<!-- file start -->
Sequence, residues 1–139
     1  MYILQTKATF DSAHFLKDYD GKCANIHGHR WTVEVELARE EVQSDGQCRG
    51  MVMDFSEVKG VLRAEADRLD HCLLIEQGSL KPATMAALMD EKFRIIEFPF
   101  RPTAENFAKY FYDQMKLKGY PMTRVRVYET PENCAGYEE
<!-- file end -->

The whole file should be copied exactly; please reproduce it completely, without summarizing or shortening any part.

Sequence, residues 1–139
     1  MYILQTKATF DSAHFLKDYD GKCANIHGHR WTVEVELARE EVQSDGQCRG
    51  MVMDFSEVKG VLRAEADRLD HCLLIEQGSL KPATMAALMD EKFRIIEFPF
   101  RPTAENFAKY FYDQMKLKGY PMTRVRVYET PENCAGYEE